Millions of children left at risk

Over 340 million children under the age of six worldwide are left home alone while adult family members go to work. Almost one billion children under 15 live in the same situation.

These statistics were compiled in a survey of 55,000 familes by US researcher and paediatrician, Jody Heymann. Her interviews with 1,000 people across five continents uncover a wealth of scientifically researched detail on the plight of adults and children as they struggle with rapid globalisation. Women's participation in the labour force has increased dramatically over the past 40 years, with damaging results for children in societies where the supportive extended family is a thing of the past.

The survey found that 66 per cent of children left home alone had accidents or emergencies while their guardians were working. Thirty-five per cent of children in the care of an unpaid older child suffered developmental or behavioural problems.

When Heymann met Ramon, 10, from Honduras, he was minding his five siblings in a dark shack. "One 18-month-old girl sat like a doll. She was malnourished. There was no eye movement. She does not know how to walk. No one showed her. Two years after the floods these children are without adult company or help for most of the day."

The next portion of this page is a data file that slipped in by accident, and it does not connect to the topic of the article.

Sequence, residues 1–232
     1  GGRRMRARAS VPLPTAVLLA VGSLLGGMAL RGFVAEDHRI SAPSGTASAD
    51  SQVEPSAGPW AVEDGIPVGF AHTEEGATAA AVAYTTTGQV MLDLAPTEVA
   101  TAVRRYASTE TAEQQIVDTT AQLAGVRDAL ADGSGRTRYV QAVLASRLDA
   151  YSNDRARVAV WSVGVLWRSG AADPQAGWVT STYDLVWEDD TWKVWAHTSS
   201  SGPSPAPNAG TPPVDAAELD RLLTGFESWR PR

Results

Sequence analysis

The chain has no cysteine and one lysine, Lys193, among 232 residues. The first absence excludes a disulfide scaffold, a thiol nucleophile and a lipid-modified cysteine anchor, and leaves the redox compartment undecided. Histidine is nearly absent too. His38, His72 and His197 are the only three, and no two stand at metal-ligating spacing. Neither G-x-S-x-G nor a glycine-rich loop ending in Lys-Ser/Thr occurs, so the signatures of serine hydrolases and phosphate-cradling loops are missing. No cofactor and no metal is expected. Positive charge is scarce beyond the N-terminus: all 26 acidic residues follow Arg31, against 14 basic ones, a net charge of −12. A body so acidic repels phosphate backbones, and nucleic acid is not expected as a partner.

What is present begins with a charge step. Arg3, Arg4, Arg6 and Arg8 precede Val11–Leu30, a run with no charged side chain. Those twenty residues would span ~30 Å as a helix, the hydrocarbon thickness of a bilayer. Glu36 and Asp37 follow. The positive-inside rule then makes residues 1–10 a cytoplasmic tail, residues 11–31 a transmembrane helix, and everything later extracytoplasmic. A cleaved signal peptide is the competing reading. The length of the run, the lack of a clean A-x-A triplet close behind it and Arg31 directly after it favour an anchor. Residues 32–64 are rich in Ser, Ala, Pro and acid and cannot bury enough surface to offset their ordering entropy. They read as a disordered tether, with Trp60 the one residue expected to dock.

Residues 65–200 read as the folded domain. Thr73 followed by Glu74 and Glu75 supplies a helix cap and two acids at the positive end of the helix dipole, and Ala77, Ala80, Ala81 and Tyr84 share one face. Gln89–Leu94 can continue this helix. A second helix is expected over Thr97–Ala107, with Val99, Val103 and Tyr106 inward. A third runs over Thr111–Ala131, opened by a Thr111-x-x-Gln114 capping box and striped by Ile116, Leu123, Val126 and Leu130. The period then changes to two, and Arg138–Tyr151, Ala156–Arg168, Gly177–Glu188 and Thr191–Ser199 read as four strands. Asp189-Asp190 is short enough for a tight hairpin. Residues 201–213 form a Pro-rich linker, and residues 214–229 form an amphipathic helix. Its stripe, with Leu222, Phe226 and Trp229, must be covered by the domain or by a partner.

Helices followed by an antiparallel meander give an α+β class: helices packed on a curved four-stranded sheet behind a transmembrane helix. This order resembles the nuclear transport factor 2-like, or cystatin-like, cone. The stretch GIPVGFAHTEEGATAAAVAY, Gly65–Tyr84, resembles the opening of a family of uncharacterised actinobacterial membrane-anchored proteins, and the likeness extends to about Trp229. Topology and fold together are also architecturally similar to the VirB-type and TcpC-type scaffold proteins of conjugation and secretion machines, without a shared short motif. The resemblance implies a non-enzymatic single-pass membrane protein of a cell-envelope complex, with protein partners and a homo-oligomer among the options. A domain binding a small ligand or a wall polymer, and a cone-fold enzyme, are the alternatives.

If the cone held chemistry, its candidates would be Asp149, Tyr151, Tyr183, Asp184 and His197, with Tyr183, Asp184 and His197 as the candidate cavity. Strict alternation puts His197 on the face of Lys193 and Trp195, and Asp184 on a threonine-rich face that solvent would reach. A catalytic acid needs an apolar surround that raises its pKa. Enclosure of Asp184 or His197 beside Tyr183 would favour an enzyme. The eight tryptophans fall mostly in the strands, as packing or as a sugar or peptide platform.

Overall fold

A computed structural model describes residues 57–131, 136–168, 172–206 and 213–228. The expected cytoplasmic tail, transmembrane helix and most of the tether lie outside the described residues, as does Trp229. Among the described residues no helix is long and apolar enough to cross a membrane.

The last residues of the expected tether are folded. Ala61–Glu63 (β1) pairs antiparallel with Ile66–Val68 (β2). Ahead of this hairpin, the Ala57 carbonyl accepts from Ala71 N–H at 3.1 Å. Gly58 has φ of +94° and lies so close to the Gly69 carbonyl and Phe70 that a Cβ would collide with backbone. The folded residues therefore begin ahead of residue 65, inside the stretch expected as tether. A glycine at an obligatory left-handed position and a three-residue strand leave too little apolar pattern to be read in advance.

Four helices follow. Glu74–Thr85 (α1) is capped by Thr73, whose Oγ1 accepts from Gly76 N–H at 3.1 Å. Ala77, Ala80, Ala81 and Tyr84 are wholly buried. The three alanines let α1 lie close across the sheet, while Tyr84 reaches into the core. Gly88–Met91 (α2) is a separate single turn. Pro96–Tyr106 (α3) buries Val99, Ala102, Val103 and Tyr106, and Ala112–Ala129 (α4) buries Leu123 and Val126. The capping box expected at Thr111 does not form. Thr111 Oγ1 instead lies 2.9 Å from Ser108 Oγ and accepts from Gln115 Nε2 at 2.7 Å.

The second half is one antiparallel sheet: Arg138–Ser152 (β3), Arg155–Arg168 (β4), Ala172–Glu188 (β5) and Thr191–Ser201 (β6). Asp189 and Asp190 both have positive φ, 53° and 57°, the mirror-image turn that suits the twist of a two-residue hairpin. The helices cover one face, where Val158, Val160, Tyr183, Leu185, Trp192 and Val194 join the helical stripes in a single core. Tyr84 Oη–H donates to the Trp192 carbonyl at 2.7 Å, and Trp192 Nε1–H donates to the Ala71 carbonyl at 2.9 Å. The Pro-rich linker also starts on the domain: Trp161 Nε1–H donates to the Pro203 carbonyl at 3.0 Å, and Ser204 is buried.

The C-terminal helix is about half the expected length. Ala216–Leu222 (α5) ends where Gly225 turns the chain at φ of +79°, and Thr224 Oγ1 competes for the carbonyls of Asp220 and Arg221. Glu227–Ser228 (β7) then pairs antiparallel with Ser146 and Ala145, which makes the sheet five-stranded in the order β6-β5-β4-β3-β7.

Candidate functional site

The research also reveals that some of the most advanced countries, in particular the US, have poorer records in child welfare than their impoverished counterparts. In Baltimore, the survey showed that 61 per cent of working parents left a sick child at home alone or in another person's care. In Vietnam, where there is a modicum of social security and childcare provision, the figure was 27 per cent. In Moscow it was 18 per cent.

Frank Connolly